Generation Brexit

In or out, the ECJ stays

Valeria Vigilante
Valeria Vigilante | Jul 1, 2017 | in Foul Play!

The ECJ needs to be the arbiter of disputes between the EU and UK after Brexit. An alternative to the ECJ would be only expensive and impractical as it would still require representatives of EU states and the UK, thus merely replicating what is already in place under the ECJ.  


Elena Turci Jul 2, 2017

Interesting and fair. However, the brexiteer do not think that ECJ is a legitimized institution to set disputes. For this reason, they want to be out from customs union and single market. The situation may change should May's government falls down, but I do not think that Brexiteers want the ECJ to be the appointed court to settle the matter.

Valeria Vigilante Jul 3, 2017

Once out of the EU, the ECJ is likely to have much less jurisdiction on the UK as it will be involved only when a dispute between the two parties arises. I see your point on the Brexiteers unwilling to accept the ECJ, but to set a new court just for this purpose is eventually a waste of money. Do you have any suggestion on how to avoid this situation?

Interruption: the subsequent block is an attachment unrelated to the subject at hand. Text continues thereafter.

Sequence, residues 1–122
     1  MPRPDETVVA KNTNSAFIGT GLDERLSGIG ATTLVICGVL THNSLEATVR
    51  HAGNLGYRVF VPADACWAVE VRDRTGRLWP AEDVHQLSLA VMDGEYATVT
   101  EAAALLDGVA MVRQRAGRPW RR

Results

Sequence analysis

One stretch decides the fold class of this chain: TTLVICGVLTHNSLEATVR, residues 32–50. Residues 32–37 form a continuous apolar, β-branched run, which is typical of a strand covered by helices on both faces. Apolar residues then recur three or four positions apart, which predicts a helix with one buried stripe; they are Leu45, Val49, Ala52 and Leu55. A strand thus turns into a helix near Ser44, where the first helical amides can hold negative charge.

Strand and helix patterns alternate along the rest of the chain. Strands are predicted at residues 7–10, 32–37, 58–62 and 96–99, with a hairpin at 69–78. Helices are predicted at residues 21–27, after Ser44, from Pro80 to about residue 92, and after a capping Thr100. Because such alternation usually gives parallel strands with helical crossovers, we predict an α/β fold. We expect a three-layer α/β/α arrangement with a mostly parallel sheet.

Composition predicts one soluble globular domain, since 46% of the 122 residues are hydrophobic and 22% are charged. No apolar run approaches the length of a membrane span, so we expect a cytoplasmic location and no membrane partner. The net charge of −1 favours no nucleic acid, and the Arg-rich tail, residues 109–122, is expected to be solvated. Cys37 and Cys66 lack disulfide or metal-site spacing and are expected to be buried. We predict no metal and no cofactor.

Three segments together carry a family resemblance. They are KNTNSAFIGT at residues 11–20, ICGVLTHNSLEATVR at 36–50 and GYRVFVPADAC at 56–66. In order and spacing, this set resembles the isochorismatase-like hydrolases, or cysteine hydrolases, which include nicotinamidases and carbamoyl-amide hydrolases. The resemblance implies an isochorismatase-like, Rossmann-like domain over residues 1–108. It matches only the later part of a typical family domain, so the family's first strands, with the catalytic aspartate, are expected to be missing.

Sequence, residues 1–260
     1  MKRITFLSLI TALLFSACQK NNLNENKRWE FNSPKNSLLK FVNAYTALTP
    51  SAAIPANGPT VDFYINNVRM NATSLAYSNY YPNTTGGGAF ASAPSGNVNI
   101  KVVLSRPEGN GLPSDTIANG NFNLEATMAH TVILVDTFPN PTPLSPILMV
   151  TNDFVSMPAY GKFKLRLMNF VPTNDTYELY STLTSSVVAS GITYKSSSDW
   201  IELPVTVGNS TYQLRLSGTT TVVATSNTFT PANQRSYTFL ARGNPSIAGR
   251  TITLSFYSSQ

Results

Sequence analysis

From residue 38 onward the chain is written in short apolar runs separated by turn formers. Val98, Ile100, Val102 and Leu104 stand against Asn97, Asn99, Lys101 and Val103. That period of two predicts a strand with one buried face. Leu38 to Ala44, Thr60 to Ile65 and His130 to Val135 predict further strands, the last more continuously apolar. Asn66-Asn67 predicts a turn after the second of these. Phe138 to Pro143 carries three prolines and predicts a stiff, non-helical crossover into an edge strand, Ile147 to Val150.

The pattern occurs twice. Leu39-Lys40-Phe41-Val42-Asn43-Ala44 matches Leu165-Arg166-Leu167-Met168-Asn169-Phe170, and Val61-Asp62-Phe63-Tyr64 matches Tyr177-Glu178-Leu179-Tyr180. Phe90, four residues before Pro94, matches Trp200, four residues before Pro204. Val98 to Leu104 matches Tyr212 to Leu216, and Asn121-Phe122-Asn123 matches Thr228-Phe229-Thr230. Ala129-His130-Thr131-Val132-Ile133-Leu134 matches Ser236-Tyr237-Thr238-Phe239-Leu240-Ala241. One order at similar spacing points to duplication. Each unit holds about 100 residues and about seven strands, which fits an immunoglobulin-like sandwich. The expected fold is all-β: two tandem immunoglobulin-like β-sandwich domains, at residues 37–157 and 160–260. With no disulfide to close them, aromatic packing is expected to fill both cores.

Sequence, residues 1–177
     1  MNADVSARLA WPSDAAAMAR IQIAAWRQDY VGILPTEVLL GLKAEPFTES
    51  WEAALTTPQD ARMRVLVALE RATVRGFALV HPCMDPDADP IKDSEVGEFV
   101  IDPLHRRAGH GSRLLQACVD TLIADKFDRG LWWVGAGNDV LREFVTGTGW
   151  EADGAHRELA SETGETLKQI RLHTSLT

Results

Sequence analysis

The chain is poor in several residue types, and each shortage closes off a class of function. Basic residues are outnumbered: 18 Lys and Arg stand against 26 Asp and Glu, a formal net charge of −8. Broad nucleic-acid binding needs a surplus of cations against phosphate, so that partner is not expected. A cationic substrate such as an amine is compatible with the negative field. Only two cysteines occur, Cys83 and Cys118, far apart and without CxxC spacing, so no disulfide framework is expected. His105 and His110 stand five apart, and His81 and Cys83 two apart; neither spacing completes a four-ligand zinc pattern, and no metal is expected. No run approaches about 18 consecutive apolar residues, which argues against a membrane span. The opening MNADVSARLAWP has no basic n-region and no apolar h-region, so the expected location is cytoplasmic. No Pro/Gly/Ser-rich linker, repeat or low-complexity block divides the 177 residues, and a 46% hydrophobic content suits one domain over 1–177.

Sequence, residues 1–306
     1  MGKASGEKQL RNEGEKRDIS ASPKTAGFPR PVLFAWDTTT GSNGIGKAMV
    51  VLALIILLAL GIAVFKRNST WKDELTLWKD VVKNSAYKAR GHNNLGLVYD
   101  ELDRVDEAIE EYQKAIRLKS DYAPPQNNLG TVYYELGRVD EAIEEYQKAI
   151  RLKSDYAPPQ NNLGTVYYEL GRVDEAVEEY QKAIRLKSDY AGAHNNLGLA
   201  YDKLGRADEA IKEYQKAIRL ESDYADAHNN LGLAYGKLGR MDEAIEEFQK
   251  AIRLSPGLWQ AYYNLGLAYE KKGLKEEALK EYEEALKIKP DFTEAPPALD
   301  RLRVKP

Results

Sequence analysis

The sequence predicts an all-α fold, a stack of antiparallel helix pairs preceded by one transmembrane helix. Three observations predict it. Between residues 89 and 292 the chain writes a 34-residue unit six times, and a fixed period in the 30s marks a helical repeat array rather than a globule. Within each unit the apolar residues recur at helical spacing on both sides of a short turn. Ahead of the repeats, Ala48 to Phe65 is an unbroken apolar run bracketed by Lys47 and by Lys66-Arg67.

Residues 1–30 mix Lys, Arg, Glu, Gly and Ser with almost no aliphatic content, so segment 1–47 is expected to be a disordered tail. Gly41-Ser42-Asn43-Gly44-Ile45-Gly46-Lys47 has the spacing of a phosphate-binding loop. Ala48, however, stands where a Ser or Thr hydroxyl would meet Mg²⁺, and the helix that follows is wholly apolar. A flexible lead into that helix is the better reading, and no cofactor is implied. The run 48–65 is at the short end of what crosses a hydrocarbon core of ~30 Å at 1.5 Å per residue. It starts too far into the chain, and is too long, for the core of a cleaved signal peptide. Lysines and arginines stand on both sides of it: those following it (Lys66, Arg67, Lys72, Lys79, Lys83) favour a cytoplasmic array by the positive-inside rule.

Tollak Bowitz Jul 7, 2017

Since the degree of influence of the ECJ will depend on the final agreement between the UK and the EU27, it's difficult to speculate on any details.

However, what is certain is that even in the hardest possible Brexit, ECJ will still have jurisdiction on trade between the EU and UK, for services and products, based on regulations and standards. So unless the UK suddenly wants to leave that behind as well, the ECJ cannot be escaped.
But it might definitely be difficult so sell this to UK voters, related to questions of sovereignty etc. as mentioned by Elena and Lev.

View all replies (2)

Lev Bronstein Jul 3, 2017

I dont see how British people could ever see a ruling made by the ECJ as being a totally unbiased statement.